Who Is Superior, R.E.M. or Soul Asylum?

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Tue, Jan 10, 2012 at 4:30 AM

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[Editor's note: Deathmatch pairs two artists who have something in common, and determines who is better. It's a concept we sort-of ripped off from MTV, except that instead of claymation it's the printed word!]

See also:

*The Talking Heads Were Way More Innovative Than The Ramones

*Stravinsky vs. Schoenberg: Who Was More Gangsta?

The alt-rock explosion of the '80s and '90s gave us titans like R.E.M. as well as also-rans, like Soul Asylum. Although the world has stuck with Michael Stipe through his many years of weirdness, folks more or less forgot about Dave Pirner around the time he and Winona Ryder split. But that doesn't mean one's outfit is better than the other's. Below, then, through an arbitrary-seeming-but-actually-deadly-accurate set of criteria, we shall determine who is superior.

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Lyrical Depth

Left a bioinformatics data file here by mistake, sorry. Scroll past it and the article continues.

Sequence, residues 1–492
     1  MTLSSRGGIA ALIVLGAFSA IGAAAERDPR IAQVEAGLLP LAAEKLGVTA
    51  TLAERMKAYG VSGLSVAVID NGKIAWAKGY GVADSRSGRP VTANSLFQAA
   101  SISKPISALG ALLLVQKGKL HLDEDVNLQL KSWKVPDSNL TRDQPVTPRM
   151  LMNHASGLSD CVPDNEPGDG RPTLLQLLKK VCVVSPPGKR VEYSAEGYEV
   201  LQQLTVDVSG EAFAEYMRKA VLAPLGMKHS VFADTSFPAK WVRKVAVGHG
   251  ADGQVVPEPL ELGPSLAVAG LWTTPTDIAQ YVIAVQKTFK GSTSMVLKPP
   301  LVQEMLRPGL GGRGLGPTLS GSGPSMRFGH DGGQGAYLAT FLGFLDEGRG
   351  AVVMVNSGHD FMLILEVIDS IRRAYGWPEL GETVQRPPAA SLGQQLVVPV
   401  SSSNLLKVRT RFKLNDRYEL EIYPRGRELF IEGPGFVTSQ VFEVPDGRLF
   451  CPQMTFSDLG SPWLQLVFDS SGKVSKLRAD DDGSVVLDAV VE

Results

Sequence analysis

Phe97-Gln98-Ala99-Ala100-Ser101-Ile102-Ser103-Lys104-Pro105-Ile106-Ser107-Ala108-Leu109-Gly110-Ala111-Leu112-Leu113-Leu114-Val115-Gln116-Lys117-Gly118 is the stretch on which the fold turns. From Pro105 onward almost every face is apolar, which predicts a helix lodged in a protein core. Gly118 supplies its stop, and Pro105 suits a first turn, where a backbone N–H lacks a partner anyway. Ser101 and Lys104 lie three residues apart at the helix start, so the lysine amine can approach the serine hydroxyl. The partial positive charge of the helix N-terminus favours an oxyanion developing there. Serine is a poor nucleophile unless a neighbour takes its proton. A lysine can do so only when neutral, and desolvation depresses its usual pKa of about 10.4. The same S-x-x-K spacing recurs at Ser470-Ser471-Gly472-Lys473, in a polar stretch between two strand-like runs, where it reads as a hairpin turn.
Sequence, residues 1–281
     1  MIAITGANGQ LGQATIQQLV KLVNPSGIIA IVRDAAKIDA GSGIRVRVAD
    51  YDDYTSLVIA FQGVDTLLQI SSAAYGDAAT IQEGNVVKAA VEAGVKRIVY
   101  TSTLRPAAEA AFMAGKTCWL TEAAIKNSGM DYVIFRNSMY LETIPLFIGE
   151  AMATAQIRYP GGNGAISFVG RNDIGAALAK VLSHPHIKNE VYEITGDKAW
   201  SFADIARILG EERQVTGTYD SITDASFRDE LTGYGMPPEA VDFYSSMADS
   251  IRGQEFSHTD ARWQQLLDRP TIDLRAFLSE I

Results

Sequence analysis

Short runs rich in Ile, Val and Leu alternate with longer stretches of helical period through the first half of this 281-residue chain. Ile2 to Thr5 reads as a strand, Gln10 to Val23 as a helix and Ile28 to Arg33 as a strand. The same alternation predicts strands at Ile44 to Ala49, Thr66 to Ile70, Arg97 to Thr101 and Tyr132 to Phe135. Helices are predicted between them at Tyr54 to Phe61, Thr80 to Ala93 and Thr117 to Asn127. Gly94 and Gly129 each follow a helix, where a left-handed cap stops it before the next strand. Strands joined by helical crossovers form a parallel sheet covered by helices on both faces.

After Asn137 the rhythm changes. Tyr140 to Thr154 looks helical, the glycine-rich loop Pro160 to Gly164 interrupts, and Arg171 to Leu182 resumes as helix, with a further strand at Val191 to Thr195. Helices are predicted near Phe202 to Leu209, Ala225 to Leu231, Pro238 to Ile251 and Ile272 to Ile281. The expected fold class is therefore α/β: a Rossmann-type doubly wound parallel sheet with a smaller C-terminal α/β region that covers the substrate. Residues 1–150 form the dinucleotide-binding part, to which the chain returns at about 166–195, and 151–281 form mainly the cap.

"Everybody Hurts" sounds like some kind of joke, as if Michael Stipe took Advanced Maudlin Lyrics at Athens Community College. It's not so much affected sorrow, it's Stipe deliberately playing up the tormented lyricist thing. "Everybody hurts / Sometimes." Glorious exposition, comrade!

Soul Asylum, meanwhile, often employs a dopey, earnest simplicity. "They say misery loves company / We could start a company and make misery." They like to make funny out of depression or, in the case of "Sometime To Return" express the human condition simply and directly: "Doing the best I can / Living without a plan." You and me both, Dave.

Point: Soul Asylum

Frontman's Hair

Stipe's comes in two flavors: Curly youthful locks and Kojak. Pirner's gorgeous, flowing blond locks, on the other hand, only get better with age.

Point: Soul Asylum

Famous Detractors

Dennis Leary isn't a fan of "Shiny Happy People." "Pull that bus over to the side of the pretentiousness turnpike," goes one of his routines. "I want everybody off the bus. I want the shiny people over here, and the happy people over here, okay! I represent angry gun-toting meat-eating fucking people, alright! Sit down and shut the fuck up Michael!"

None other than Paul Westerberg himself famously derided Pirner and Co. as "the B-Team." Keep in mind that Westerberg remains the brooding poet laureate of Minneapolis rock, and lesser bands would have lost the confidence to persevere in the face of such a harsh dis. Not Pirner and the boys. They said "fuck you" by cutting Hang Time, one of the great unsung records of the late 1980s.

Point: Soul Asylum

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